• Protests in Perspective: Lessons from the Past, with Michael Canham & Adom Getachew
    In this "Protests in Perspective" webinar, moderated by Williams University's Professor Neil Roberts, South African government official Michael Canham and University of Chicago's Professor Adom Getachew discuss the 2020 protests in an international and historical context. What can the Movement for Black Lives learn from the anti-apartheid movement? What makes the African American struggle so resonant with minorities and oppressed people around the world?
    10/05/20MultimediaAll Audio, Video, Transcripts
  • Book Review: Northern Ireland’s Ghosts, Living in Plain Sight
    Even though much of the fighting in Northern Ireland has subsided, how has the lack of true reconciliation in the region influenced its society? This book review of Patrick Radden Keefe's "Say Nothing: A True Story of Murder and Memory in Northern Ireland" was originally published by the Carnegie Corporation of New York and is reposted with kind permission.
  • Global Ethics Weekly: A Firsthand Account of the Khmer Rouge Trials, with Andrew Boyle
    On the 44th anniversary of the Khmer Rouge entering Phnom Penh, the Brennan Center's Andrew Boyle discusses his work helping to prosecute the perpetrators the of genocide and other crimes against humanity in 1970s Cambodia. Boyle details the cases, the defendants, and the controversies surrounding the tribunal. Why did justice take so long? How did Cambodians react to the trials? And why is this genocide conviction so significant?
    04/17/19MultimediaAll Audio, Video, Transcripts
  • Wellbeing in Northern Ireland, 20 Years After the Good Friday Agreement, with Senator George J. Mitchell
    "Much has been said and written about the long and difficult road that led us to the Agreement in April of 1998. Many have deservedly received credit for their roles, but the real heroes of the Agreement were the people and the political leaders of Northern Ireland," declares Senator George Mitchell, who played a leading role in the Belfast Good Friday Agreement. Don't miss this moving and very personal speech.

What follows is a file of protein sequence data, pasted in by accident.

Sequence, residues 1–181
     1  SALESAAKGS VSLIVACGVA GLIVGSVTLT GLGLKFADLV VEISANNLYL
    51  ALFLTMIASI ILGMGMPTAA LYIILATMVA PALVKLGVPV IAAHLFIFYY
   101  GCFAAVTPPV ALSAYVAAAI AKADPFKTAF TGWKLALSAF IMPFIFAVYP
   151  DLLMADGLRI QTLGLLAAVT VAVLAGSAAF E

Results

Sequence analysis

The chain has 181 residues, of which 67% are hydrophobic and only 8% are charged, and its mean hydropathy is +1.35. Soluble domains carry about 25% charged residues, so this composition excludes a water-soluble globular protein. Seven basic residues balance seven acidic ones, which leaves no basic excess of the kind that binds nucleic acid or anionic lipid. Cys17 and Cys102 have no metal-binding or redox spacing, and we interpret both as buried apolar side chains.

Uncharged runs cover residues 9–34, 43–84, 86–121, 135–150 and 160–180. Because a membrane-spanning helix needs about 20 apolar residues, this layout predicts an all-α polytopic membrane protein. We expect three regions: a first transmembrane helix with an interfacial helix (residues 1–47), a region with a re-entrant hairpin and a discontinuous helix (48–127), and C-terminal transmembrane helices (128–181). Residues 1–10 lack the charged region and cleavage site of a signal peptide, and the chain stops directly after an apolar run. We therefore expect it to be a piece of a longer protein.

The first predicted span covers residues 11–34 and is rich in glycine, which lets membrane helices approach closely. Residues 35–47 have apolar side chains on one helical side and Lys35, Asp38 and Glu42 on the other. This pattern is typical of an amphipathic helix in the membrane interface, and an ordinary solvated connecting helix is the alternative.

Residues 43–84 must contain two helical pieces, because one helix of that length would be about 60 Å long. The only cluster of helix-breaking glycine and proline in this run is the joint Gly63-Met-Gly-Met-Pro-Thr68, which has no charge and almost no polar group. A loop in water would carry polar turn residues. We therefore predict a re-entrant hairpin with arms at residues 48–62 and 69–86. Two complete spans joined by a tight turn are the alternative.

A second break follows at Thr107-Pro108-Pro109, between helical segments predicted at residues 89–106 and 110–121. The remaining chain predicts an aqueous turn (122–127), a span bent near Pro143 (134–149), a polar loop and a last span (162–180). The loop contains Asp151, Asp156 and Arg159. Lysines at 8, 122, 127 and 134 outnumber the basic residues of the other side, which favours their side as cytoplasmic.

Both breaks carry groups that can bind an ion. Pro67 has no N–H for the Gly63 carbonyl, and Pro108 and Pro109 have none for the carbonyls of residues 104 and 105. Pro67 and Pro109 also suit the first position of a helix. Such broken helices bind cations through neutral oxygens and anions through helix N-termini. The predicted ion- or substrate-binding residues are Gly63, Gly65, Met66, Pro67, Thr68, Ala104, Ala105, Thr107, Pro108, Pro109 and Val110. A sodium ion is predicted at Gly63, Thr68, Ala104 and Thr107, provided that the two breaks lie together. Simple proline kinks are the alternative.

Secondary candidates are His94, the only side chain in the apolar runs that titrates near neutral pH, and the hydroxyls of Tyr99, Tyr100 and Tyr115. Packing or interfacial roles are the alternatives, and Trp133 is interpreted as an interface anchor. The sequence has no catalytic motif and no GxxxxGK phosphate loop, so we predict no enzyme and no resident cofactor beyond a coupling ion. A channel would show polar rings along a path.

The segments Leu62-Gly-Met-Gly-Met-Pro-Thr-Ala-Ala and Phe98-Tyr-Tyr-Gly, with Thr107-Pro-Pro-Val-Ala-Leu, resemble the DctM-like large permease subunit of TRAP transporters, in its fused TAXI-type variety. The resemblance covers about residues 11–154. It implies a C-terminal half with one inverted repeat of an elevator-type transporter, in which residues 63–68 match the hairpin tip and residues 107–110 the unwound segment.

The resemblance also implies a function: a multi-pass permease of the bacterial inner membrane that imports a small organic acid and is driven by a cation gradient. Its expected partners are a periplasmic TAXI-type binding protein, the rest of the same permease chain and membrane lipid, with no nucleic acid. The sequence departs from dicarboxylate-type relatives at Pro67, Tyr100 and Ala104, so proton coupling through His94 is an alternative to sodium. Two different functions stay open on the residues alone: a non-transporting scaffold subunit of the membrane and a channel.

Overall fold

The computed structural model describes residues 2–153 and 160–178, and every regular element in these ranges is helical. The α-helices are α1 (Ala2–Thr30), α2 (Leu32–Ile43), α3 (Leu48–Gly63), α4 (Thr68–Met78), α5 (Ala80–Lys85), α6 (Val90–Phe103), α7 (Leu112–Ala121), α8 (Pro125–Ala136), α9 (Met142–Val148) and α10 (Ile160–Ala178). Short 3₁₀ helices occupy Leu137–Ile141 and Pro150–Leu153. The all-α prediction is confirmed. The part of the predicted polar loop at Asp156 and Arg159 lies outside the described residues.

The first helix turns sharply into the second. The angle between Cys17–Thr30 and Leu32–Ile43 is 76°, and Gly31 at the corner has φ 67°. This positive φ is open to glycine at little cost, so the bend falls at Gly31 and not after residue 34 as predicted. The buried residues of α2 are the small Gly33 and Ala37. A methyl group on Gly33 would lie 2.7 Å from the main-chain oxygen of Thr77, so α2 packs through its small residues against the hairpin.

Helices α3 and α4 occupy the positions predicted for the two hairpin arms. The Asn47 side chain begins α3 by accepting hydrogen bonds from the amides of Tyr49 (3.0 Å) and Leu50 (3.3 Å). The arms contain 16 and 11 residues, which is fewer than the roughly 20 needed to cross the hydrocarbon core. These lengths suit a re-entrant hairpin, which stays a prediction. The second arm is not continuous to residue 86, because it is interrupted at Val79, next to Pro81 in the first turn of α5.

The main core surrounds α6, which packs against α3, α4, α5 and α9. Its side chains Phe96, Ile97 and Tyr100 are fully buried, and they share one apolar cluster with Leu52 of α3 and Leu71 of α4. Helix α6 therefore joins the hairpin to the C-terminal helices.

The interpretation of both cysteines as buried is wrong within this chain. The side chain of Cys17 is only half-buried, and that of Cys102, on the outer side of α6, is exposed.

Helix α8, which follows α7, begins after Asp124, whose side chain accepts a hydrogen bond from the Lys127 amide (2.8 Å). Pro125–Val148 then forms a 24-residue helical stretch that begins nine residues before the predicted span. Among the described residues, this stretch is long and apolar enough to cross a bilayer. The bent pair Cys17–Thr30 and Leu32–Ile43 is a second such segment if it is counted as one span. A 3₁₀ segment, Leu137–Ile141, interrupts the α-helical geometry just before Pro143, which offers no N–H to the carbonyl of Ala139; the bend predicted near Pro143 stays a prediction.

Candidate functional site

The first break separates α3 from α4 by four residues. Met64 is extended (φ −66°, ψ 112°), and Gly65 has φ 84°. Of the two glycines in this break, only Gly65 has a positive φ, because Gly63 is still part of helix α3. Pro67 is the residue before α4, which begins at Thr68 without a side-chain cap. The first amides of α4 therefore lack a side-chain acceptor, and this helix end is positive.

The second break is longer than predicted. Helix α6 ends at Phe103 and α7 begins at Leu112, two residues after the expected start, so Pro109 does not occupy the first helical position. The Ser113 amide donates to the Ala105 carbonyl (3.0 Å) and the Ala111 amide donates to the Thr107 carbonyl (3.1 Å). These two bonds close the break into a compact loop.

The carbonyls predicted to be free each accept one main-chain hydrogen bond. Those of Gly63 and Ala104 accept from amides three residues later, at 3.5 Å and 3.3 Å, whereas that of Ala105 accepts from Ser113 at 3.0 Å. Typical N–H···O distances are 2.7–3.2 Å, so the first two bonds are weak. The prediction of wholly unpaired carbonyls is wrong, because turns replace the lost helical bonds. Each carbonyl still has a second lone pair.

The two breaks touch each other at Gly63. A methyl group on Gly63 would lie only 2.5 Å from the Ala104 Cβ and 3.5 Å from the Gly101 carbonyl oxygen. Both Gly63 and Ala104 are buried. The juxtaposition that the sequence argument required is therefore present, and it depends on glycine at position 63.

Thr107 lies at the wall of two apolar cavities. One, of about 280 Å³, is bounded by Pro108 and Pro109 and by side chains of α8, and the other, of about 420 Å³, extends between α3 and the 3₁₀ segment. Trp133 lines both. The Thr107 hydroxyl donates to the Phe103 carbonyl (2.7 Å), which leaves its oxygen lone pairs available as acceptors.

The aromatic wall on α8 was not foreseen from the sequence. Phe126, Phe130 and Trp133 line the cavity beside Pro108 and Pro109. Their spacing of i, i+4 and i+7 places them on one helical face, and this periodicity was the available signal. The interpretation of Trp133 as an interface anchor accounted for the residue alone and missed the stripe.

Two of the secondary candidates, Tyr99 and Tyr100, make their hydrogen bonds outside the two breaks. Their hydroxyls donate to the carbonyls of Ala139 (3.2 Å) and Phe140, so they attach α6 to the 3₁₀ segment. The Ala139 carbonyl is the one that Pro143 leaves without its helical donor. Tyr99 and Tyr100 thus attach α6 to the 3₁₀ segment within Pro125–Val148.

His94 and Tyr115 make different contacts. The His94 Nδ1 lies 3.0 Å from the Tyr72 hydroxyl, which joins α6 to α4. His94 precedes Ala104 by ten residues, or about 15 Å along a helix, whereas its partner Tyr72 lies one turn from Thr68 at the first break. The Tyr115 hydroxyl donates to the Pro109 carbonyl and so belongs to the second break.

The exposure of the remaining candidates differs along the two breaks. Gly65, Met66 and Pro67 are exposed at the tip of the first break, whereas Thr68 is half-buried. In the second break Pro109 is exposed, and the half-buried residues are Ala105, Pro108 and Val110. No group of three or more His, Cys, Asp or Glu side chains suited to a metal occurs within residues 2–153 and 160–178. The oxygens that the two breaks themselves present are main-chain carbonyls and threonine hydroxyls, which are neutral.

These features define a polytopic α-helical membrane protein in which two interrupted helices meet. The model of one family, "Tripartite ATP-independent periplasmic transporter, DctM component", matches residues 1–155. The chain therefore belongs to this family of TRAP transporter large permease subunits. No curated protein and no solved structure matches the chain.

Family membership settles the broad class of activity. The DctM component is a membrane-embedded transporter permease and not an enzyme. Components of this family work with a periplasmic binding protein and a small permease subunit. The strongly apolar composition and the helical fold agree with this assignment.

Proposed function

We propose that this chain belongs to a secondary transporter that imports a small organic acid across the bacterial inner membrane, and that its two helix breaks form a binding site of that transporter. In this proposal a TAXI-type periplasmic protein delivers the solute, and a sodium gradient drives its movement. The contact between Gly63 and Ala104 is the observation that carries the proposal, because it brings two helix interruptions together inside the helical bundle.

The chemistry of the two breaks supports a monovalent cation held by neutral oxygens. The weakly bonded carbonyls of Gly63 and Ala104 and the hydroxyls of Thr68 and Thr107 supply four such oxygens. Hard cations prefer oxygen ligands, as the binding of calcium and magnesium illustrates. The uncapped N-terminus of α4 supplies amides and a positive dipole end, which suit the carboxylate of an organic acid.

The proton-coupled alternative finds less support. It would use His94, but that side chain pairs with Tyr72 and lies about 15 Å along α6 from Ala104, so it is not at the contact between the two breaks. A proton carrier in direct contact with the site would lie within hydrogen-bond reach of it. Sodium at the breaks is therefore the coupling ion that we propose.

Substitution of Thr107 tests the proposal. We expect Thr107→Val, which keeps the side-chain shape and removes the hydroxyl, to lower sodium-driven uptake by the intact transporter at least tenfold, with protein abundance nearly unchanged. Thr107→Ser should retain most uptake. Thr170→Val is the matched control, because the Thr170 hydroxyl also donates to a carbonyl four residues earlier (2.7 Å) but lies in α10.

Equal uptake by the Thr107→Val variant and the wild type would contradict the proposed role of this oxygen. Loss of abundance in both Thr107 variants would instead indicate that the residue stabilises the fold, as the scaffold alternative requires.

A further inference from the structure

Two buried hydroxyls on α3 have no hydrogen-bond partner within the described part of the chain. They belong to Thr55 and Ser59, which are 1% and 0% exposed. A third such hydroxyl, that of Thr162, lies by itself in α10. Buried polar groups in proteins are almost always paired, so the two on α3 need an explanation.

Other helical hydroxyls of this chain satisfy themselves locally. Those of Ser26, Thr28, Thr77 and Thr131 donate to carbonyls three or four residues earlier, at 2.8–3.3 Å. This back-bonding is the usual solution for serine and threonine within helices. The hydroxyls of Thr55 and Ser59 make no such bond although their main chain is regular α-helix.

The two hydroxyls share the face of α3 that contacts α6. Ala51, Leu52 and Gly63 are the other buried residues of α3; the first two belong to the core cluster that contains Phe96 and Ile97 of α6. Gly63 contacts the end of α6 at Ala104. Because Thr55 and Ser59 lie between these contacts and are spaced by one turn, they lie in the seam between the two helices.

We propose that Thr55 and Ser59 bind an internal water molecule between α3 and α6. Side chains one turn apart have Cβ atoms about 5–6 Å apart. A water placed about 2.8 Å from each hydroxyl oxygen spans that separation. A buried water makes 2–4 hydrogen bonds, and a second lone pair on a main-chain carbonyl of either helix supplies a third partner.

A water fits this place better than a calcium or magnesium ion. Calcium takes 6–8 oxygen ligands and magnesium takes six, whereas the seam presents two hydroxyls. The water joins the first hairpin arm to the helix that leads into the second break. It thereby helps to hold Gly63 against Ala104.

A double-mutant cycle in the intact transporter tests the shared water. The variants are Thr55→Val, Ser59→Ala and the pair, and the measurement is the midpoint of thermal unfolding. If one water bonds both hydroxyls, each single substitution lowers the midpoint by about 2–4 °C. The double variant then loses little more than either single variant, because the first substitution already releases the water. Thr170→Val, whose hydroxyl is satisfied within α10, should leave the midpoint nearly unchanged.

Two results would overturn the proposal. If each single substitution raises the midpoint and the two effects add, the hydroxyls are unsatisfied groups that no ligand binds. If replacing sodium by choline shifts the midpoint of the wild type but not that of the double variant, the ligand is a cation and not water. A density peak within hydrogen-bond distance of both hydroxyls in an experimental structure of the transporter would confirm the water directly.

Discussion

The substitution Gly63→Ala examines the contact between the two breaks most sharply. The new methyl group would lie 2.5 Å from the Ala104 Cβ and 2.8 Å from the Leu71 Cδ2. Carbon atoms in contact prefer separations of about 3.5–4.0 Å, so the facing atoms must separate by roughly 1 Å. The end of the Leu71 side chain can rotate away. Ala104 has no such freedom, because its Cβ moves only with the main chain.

10/22/18MultimediaAll Audio, Video, Transcripts
  • An Introduction to "Wellbeing in Northern Ireland" with Carnegie UK Trust's Martyn Evans
    When Andrew Carnegie set up the Carnegie UK Trust, his mandate was short and to the point: Its mission is improve the wellbeing of the people of the United Kingdom, a task that Carnegie realized would change over time as people's needs changed. "The Trust is required to take risk," says its CEO Martyn Evans, who gives an overview of their work today, including libraries and research on towns, fulfilling work, and digital futures.
    10/22/18MultimediaAll Audio, Video, Transcripts
  • Where is Northern Ireland Now? with Peter Weir & Máirtín Ó Muilleoir
    Peter Weir of the Democratic Unionist Party (DUP) and Máirtín Ó Muilleoir of Sinn Féin give their views on the situation in Northern Ireland, from the still unresolved collapse of the government in 2017 to the uncertainties over Brexit. Both agree that while there has been tremendous progress since the 1998 Good Friday Agreement, there is still much to be done--and according to Ó Muilleoir, many citizens are still not receiving equal treatment.
    10/22/18MultimediaAll Audio, Video, Transcripts
  • The Northern Ireland We Have--the Challenges
    In this panel Theresa Donaldson, former chief executive of Lisburn City and Castlereagh District Council, Quintin Oliver, director of Stratagem International, and Rolf Alter, formerly of OECD describe the usefulness of the Carnegie UK Trust wellbeing framework in confronting the challenges of Northern Ireland; how it is working out in practice; and the importance of grassroots organizing.
    10/22/18MultimediaAll Audio, Video, Transcripts
  • Peacemakers in Action: An In-depth Discussion of Religious Peacebuilding
    Don't miss this remarkable conversation with Joyce Dubensky, CEO of Tanenbaum Center for Interreligious Understanding, and one of Tanenbaum's peacemakers, Rev. Bill Lowrey, who spent a decade in South Sudan. They explain the work of Tanenbaum's international network of peacemakers--the people on the ground who never quit.
    10/18/16MultimediaAll Audio, Video, Transcripts
  • Reconciliation, not Revenge for Israelis and Palestinians
    In this emotional and inspiring interview, Israeli Robi Damelin and Palestinian Bassam Aramin discuss their work with the Parents Circle Families Forum, an organization of bereaved Israelis and Palestinians. Having both lost a child to the struggle, they say reconciliation is the necessary step to end conflicts in the Middle East and beyond.